Environmental payments regulations in the system of law

Table of contents: The Kazakh-American Free University Academic Journal №7 - 2015

Author: Gavrilova Yuliya , Kazakh - American Free University, Kazakhstan

The problem of environmental payments regulation in the system of law deserves close attention as a result of its complex legal nature and its scientific and practical value caused by relations concerning charging for environmental emissions and natural resources use. Complex character of the legal nature of environmental payments as an ecological and legal category is defined by interrelation of the stated relations with the tax, budgetary, and civil ones that indicates the need of accurate and detailed consideration of the role and place of environmental payments regulations in the system of law.

The consideration of the aforesaid task is necessary to begin with the analysis of the concept “the system of law”. Philosophical and legal literature interprets the system of law as a complex of structurally ordered interconnected elements forming a unity whereas the structure is a special way of internal interrelation of elements in the system [1, p. 274]. From the point of view of Kazakhstani law scholars A. Yerenov, N. Mukhitdinov, and L. Ilyashenko the distinctive features of the system are as following:

1) it consists of a few or lots of elements;

2) the elements are united in the system according to their substantial features;

3) the elements of the system are definitely interacting components;

4) when interacting with the environment the system always acts as something unified and qualitatively definite;

5) the system components are relatively independent [2, p. 71-72].

For the first time the system of law was discussed at the first meeting of law scholars in 1938. It was recognized that the subject of legal regulation, i.e. the public relations regulated by the law, is of crucial importance among the objective criteria defining the structure of the Soviet law and its subdivision into separate branches [3, p. 5].

In the discussion of 1956-1958 the subject was recognized as the main criterion for differentiating regulations on branches, as the leading foundation of the system of law. However, even then one of the criteria of the system was considered the method of legal regulation, along with its subject [4, p. 68].

Nowadays the “criteria for modern legal science subdivision into branches are the subject and the method of legal regulation.  In fact, it is just the subject of legal regulation as no branch of legal science has its special method. At such criterion the legal branches can be subdivided indefinitely. The similar situation is observed at the lower levels of the hierarchy – law institutes and regulations” [5, p. 13].

The institute is usually defined as a set of interconnected law rules objectively stood apart in one or several legal branches and regulating unified group of public relations [6]. Such relations are components of the subject of legal regulation [7, p. 402]. The main point of legal institute can be correctly defined only if to consider it as a set of law rules which, in its turn, is a structural element of the following main subdivision – a law branch. The legal institute, as well as a rule of law, has a number of its distinctive features. Firstly, each legal institute provides independent regulatory impact on a certain aspect of relations. Secondly, regulating a certain aspect of public relations, the legal institute possesses the actual and legal uniformity. Thirdly, according to A. Ibrayeva and N. Ibrayev the legal criterion for uniting certain sets into a concrete legal institute is “a provision of regulations  forming a legal institute in chapters, sections, parts, and other structural units of laws and other legal acts” [8, p. 83].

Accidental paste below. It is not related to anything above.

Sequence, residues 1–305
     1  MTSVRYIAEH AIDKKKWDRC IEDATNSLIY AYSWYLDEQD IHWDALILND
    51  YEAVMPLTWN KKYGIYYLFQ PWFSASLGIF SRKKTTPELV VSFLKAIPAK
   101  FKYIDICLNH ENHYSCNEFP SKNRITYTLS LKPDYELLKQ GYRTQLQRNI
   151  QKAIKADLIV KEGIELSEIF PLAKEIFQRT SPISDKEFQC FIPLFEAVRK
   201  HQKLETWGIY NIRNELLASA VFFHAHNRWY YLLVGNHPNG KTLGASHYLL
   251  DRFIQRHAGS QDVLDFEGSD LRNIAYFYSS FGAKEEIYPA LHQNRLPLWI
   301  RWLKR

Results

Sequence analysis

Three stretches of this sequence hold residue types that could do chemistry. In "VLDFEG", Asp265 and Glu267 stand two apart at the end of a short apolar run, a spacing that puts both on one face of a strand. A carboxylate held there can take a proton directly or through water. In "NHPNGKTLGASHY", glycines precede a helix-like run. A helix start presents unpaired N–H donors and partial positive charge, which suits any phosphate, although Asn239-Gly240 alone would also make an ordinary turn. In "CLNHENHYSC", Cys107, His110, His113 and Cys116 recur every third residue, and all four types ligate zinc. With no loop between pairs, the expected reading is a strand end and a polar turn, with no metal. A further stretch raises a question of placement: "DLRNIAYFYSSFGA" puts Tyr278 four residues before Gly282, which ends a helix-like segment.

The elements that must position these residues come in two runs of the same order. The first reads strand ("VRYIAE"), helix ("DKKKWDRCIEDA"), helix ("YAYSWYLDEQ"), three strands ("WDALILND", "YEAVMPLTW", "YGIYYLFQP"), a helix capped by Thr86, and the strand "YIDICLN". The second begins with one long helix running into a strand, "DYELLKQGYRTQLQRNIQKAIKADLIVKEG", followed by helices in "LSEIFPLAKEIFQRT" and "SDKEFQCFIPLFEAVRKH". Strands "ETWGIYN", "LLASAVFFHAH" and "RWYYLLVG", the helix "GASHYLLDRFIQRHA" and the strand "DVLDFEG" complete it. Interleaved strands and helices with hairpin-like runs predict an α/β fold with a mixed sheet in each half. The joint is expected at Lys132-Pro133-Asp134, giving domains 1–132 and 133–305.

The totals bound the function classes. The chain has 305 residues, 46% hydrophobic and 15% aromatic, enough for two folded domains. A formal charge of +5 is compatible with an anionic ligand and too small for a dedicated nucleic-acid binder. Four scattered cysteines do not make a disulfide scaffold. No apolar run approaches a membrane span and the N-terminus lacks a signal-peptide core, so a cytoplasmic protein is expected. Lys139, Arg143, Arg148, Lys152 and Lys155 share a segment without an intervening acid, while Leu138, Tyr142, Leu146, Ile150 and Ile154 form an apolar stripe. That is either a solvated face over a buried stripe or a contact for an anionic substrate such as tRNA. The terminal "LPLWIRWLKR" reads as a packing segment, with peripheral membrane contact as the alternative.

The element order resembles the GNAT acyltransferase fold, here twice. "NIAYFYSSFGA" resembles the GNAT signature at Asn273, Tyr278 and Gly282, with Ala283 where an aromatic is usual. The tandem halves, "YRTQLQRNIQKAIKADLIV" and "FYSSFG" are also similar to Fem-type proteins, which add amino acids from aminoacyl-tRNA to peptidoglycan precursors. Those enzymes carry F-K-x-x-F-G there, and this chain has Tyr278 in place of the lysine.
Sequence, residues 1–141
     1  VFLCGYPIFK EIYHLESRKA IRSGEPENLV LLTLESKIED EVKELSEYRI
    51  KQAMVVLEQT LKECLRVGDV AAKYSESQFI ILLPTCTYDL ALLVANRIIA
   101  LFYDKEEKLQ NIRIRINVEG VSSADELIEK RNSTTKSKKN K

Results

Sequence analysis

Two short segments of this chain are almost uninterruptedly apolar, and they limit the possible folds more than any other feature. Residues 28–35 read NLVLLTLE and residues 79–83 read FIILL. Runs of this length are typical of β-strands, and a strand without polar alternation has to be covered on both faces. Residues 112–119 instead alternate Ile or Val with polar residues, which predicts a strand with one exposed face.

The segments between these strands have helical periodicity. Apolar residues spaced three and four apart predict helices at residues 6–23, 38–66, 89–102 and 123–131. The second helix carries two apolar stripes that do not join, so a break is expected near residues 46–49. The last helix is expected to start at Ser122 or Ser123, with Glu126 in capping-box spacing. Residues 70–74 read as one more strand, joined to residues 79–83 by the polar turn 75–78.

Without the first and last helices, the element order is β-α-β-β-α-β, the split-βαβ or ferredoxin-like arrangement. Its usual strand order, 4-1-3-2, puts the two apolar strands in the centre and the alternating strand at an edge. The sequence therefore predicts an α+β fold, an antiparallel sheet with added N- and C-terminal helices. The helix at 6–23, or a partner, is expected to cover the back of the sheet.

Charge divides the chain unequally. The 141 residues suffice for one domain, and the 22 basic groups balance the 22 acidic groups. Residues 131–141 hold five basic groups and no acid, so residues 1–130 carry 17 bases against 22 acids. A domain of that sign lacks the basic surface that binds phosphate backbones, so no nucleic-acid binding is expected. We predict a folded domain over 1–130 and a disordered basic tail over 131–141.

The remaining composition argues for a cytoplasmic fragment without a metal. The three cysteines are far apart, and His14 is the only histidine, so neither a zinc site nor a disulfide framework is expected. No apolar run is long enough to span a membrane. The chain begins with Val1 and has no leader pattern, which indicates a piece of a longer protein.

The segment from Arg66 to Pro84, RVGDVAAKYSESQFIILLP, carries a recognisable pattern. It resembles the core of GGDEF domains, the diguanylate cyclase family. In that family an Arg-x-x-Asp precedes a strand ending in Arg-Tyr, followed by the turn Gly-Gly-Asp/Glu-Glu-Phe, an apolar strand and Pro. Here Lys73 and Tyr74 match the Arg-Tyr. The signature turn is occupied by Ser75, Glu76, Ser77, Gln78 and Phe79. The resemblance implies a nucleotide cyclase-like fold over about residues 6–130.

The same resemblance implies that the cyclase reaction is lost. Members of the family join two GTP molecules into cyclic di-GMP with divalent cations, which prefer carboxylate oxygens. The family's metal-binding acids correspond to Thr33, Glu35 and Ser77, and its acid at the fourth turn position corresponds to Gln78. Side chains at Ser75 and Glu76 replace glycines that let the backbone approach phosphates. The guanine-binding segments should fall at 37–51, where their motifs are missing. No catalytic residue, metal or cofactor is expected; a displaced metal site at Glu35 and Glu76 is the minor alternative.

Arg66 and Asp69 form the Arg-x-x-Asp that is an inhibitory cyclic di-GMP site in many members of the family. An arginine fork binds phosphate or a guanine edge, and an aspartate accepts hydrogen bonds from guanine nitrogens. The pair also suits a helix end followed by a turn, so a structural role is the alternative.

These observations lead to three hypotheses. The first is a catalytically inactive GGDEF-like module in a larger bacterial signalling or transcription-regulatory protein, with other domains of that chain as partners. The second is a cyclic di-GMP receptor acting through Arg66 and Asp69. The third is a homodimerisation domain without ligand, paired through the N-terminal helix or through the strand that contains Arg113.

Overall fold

Legal institutes are independent structural subdivisions of both the system of law and all its relevant branches, thus strengthening the integrity of the system of law.

Therefore, the traditional structure of the system of law is a hierarchy with the following levels (top-down): the system in general, its branches, institutes, and rules of law. More detailed legal research differentiates also sub-branches and sub-institutes.

The rule of law is a primary element of all the system of law and an example of people’s behavior and activity. G. Sapargaliyev, a contemporary theorist of constitutional law, is correct to consider the rule of law as a section of a legal matter [9, p. 17]. “Besides, any state-organized society can’t do without legal rules. It is a single phenomenon of law and therefore its complete scientific definition assumes clarification of its inherent specific features (properties) [10, p. 257]. The need for consideration of legal rules features is also explained by a variety of social regulations such as moral norms or rules of some separate (non-state) social communities.

D. Bulgakova mentions the following main features of legal rules:

1. Obligation: it represents the imperious instruction of the state concerning people’s possible and due behavior;